|Checking out the lovelies on the iPad waiting their turn|
But it paled in comparison with the storage. First you walk down an aisle of state of the art library
|Ultra high res picture of stumpwork|
|The long walk in storage - hey is there any|
embroidery in here? Everyone was very
nice not to grab a handle and turn to see
what was behind door #1! You know we
all wanted to!
We had a total treat and many of the participants stopped dead in their tracks and gasped - some had never seen an embroidered cabinet in the flesh before and here were five really outstanding ones on the table and two had contents that were laid out. We had an extra whitework sampler, a special request by Judy. It helped our host, Emily Taylor, to combine her request with our visit to reduce the number of appointments for the week. And then everyone got to enjoy the bonus piece!
|Emily opening a casket for everyone|
When I go on my pre-tour, I think a lot about choosing not just objects that are of the class we are studying but also objects that build to tell a story about the 17th century. Sometimes I can't get out everything a museum owns so the point is to curate so we are never in a position of thinking 'oh another one of those...' by the end of the tour. It always needs to surprise. There were many, many surprises during the tour. Sometimes I pulled an object that I knew people weren't aware of and it usually blew their mind. Either quite spectacular in workmanship or surprising as a way to treat these objects in a new way.
|Their arms got so tired - once one was open, it might be ten|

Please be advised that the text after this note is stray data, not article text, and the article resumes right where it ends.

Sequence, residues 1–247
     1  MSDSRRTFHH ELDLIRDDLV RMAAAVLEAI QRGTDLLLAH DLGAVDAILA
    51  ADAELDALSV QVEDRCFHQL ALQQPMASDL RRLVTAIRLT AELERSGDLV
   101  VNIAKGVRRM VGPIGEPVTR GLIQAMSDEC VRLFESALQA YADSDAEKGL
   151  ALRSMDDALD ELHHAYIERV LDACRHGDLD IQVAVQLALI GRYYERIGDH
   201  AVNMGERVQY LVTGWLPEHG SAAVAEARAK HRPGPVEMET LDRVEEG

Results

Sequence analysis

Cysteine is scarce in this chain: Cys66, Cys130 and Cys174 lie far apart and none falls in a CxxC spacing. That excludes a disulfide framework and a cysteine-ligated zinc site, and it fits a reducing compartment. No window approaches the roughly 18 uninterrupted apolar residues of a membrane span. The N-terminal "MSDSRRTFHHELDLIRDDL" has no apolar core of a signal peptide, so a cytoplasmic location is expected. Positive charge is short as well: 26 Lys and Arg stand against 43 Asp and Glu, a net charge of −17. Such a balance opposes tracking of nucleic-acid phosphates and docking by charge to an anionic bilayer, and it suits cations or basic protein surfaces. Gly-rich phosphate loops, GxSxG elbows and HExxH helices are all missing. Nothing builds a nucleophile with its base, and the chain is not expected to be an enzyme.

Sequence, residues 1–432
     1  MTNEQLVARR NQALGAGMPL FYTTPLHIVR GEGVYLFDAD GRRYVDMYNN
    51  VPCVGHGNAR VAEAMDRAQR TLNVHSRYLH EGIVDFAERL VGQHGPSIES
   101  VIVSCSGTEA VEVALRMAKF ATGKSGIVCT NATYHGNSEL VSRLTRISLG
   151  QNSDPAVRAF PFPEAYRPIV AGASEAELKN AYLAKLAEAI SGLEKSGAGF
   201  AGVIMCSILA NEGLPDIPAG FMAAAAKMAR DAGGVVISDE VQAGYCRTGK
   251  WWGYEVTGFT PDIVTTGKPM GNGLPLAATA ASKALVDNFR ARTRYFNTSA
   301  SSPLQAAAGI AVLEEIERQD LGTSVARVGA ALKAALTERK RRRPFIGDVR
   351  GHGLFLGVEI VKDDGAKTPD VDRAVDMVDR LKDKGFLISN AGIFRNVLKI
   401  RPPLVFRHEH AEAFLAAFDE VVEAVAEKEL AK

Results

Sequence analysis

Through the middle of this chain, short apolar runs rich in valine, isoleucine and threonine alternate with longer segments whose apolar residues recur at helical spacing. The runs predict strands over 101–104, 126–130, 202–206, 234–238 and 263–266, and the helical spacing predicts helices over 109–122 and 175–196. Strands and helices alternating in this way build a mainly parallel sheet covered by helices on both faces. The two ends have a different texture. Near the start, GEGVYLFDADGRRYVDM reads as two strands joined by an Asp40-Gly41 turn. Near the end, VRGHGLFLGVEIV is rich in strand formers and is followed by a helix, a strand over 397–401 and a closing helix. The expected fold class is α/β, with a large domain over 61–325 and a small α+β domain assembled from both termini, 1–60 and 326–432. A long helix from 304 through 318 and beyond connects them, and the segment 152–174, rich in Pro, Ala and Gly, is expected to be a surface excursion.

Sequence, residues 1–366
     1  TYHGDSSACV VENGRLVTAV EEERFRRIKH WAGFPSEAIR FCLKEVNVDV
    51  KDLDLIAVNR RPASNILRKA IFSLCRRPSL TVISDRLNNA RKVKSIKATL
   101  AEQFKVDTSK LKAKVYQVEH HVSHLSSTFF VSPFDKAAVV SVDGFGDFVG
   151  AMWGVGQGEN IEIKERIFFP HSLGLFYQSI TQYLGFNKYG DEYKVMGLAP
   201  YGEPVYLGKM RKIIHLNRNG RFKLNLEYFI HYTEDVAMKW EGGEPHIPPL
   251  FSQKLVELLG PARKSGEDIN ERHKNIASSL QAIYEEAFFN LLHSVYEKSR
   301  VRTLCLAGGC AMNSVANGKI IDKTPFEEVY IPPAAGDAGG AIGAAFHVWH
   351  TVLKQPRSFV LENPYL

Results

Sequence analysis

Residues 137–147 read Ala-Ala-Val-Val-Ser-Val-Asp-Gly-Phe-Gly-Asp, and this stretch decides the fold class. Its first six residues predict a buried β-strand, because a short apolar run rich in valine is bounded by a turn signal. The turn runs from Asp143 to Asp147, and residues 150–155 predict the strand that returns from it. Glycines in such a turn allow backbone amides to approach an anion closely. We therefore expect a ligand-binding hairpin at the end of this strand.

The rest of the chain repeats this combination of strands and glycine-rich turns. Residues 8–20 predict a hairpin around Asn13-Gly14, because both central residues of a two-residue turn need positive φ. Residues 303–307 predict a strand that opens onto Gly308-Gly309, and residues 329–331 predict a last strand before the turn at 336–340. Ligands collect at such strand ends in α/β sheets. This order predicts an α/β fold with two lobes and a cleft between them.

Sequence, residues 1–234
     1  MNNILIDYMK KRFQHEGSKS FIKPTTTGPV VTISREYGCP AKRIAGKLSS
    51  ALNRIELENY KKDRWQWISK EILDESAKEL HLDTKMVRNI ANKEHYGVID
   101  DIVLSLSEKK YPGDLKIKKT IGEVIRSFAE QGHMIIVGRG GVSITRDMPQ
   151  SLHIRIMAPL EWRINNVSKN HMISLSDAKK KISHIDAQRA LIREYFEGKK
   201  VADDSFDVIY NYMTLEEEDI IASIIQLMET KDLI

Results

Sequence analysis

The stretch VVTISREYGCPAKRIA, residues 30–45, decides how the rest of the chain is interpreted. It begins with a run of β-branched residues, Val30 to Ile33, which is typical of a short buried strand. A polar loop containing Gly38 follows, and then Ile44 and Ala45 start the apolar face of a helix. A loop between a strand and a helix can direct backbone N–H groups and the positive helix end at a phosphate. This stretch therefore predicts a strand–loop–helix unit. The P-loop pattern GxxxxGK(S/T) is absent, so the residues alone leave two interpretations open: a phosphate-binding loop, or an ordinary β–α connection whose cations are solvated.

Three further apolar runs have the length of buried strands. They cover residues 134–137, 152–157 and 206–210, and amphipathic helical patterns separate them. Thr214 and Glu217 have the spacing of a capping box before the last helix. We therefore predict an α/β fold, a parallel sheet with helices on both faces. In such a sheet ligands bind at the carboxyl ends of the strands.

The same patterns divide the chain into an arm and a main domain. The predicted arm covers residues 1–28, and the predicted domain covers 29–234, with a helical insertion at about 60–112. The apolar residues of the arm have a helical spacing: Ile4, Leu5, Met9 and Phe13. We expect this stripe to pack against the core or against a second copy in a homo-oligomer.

minutes of taking pictures and rotating through as well as
removing drawers and finding all the secret spots. After four
groups the curators really deserved so much thanks.
|You can see the 'toys' that were in the double casket in the box|
We are dogged about taking off our jewelry, name tags, scarves, camera leashes, etc. We all fill out any paperwork beforehand on the bus and
|Camera everywhere! I send out discussions on taking photos|
for best results as well as the dangers of iPads for photos (too
big and they bump objects).
- crowding in to see something is hazardous for bumping. And after 55 minutes - it is time to go! I have read that when concentrating intensely - that is the human brain's limit and after that your visual overload makes you really tired (we could vouch for that!). You no longer have interest and people start standing around and talking. That is the most dangerous time for touching or bumping an object so we limit the storage time to 55 minutes -- and every session goes that way and the last five minutes people are just so overwhelmed. Any more time and we would make the
The bus did a steady business of going back and forth to take people away to go to the real museum as when we were done, we had a special lecture by Naomi Tarrant in the museum set up. Naomi was the former textile curator and author of two wonderful books: Textile Treasures (the double casket and its toys feature in this book) and the newly published Remember Now Thy Creator. This new book catalogs and treats the subject of Scottish samplers. So we asked Naomi to lecture to us about Scottish samplers and it was lovely.
We combed the museum for textile objects and then closed the museum and sat down outside, exhausted from our first real day of storage visits!